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Celebrating 10: Great Ladies of Caribbean Children's Literature






Children's literature is a field that’s held my fascination for over a decade now (to tell the whole truth, I’ve been fascinated by children’s books since I was, well, a child reading them). I've loved delving into its history, and within arm’s reach of my desk I always keep a couple of texts I consider staples on craft and foundations: the classic Children and Books by Zena Sutherland; Gates of Excellence: On Reading and Writing Books for Children by Katherine Patterson (gifted to me years ago by a neighborhood friend I co-led a teen girls book club with); Joy Cowley’s Writing from the Heart: How to Write for Children (I had her sign it when I attended one of her Highlights Foundation workshops); The Potential of Picture Books: From Visual Literacy to Aesthetic Understanding by Barbara Kiefer (purchased for a course back in grad school and then couldn't bear to part with it); Charlotte Huck's Children's Literature: A Brief Guide by Barbara Kiefer and Cynthia Tyson (in which my “ten tips for selecting multicultural literature” appears); Bridges to Understanding: Envisioning the World through Children's Books by Linda M. Pavonetti (one of several books gifted to me by Rowman & Littlefield in return for peer-reviewing a proposal for a multicultural children’s literature textbook; it's a useful annotated bibliography sponsored by the USSBY); and Multicultural Children's Literature by Donna E. Norton. They're well-thumbed books that have traveled with me across oceans, surviving house moves and country moves, and they’re all written by women.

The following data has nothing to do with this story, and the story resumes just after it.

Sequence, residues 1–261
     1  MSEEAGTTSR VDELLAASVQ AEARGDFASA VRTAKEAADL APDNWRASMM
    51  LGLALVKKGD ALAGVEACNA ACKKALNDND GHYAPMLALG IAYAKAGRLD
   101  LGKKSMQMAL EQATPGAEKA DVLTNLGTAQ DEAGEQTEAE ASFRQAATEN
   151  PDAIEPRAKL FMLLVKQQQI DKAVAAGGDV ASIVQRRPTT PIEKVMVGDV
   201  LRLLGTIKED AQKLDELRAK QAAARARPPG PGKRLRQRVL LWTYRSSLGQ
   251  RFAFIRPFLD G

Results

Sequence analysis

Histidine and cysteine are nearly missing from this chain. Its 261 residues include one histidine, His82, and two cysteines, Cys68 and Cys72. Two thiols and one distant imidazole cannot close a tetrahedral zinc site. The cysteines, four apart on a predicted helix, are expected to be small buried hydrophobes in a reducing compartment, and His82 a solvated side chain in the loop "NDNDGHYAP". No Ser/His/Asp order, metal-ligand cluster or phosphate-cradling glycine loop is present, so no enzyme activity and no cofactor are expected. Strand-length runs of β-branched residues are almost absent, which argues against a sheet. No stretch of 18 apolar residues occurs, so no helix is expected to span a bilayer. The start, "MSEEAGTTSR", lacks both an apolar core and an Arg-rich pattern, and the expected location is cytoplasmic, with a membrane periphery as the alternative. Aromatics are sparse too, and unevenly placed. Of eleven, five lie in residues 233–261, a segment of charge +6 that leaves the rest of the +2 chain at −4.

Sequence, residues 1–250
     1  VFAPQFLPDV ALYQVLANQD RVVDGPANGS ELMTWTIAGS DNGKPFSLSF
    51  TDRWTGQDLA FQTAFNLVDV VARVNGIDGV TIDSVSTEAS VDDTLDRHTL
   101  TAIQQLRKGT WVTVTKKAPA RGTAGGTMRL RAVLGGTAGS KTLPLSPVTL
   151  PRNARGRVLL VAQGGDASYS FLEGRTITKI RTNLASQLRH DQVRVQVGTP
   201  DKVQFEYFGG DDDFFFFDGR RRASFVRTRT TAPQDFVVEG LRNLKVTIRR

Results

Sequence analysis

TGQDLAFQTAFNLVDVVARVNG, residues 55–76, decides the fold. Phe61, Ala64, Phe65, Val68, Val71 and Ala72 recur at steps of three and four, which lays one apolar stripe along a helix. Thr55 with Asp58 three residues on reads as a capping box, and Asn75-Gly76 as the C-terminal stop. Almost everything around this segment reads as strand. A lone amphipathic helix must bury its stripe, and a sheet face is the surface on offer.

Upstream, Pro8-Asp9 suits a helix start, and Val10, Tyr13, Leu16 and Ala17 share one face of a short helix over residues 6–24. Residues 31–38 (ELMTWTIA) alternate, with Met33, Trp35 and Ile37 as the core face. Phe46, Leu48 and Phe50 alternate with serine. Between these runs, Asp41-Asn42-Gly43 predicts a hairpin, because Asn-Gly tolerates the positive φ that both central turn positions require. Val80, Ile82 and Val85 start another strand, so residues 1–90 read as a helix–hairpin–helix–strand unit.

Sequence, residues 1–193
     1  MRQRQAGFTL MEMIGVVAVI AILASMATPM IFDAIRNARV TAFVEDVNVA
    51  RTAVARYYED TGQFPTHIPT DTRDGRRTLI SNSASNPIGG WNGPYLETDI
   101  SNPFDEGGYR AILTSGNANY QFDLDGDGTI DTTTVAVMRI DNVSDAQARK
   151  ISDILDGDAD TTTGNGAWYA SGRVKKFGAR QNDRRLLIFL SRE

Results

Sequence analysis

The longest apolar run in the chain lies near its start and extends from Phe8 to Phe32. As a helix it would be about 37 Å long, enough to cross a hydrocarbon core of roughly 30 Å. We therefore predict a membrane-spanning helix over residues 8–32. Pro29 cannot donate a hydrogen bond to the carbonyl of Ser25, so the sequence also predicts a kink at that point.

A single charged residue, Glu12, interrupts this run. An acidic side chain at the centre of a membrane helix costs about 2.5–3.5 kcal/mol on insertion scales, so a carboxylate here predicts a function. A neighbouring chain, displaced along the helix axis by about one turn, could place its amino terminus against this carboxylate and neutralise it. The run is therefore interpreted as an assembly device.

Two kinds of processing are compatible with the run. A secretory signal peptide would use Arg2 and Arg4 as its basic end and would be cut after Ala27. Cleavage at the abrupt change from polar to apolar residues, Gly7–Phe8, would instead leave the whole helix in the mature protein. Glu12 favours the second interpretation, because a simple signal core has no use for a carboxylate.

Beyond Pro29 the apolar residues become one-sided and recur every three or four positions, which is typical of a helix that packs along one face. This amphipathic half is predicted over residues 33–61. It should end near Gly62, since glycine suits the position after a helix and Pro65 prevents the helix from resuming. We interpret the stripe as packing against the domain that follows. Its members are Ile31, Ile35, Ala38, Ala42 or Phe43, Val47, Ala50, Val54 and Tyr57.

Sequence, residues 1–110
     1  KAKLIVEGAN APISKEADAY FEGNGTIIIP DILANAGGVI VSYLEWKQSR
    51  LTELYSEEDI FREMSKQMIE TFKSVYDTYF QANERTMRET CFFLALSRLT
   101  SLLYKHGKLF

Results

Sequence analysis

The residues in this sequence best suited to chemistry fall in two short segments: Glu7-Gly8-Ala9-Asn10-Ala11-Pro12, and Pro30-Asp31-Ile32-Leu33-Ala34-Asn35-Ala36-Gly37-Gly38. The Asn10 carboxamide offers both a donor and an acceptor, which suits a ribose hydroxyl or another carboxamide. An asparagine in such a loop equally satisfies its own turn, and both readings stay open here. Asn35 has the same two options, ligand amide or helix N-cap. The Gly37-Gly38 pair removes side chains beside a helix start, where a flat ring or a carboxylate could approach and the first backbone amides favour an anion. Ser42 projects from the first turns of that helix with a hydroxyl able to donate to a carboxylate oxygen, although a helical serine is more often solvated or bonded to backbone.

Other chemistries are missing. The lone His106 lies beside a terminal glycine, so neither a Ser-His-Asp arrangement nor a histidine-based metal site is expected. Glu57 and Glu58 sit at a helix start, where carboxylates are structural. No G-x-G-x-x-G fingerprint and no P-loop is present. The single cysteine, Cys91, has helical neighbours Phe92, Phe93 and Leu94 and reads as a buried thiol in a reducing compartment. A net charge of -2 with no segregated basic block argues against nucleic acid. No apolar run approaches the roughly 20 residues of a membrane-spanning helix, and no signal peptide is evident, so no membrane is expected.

When it comes to the history of the field, the 'Great Lady of Children's Literature' tradition in the USA has been firmly established. The American women whose seminal work created and shaped the field as we know it are legends in the children's literature world and their contributions have been richly memorialized (see "New England Book Women: Their Increasing Influence" by way of example). Reading and learning about what they accomplished, and their strong quirky personalities, has inspired and instructed me over the years.

There's Anne Carroll Moore who, in the early 1900s, helped make libraries all over the world a welcoming place for children at a time when boys under 14 years old and girls of any age were forbidden to enter them, and whose set of standards for children's literature, "The Four Respects," still guides us. There’s Ursula K. Nordstrom, who did groundbreaking work during her run as editor-in-chief of juvenile books at Harper and Row from 1940 to 1973. Louise Seaman Bechtel was the first person to head a juvenile department at a major American publisher. Margaret K. McElderry was the first children's book editor to be given her own imprint (I'm putting it out in the universe that I want my own imprint one day, because hey, why not?). Caroline Hewins was an influential children's librarian responsible for instituting children's rooms at libraries. Bertha Mahoney was the founder of Horn Book Magazine, one of the field's most distinguished journals (in whose pages I've been honored to have my own writing on Caribbean children’s literature appear). There’s also Elinor Whitney Field, co-founder of Horn Book Magazine; Alice Jordan, who headed children's work at the Boston Public Library from 1902 to 1940; and Clara Whitehill, who opened Brooklyn's first children's public library in 1914, and was one of the first people to design children's rooms at libraries and train children's librarians.